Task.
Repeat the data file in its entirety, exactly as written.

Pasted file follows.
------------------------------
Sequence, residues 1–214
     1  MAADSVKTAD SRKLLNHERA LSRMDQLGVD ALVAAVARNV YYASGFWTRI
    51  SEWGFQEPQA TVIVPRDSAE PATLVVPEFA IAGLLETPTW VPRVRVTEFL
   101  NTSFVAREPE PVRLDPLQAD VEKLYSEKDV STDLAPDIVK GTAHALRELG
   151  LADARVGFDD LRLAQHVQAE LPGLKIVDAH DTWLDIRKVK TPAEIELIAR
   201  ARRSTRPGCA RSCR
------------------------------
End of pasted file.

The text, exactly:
Sequence, residues 1–214
     1  MAADSVKTAD SRKLLNHERA LSRMDQLGVD ALVAAVARNV YYASGFWTRI
    51  SEWGFQEPQA TVIVPRDSAE PATLVVPEFA IAGLLETPTW VPRVRVTEFL
   101  NTSFVAREPE PVRLDPLQAD VEKLYSEKDV STDLAPDIVK GTAHALRELG
   151  LADARVGFDD LRLAQHVQAE LPGLKIVDAH DTWLDIRKVK TPAEIELIAR
   201  ARRSTRPGCA RSCR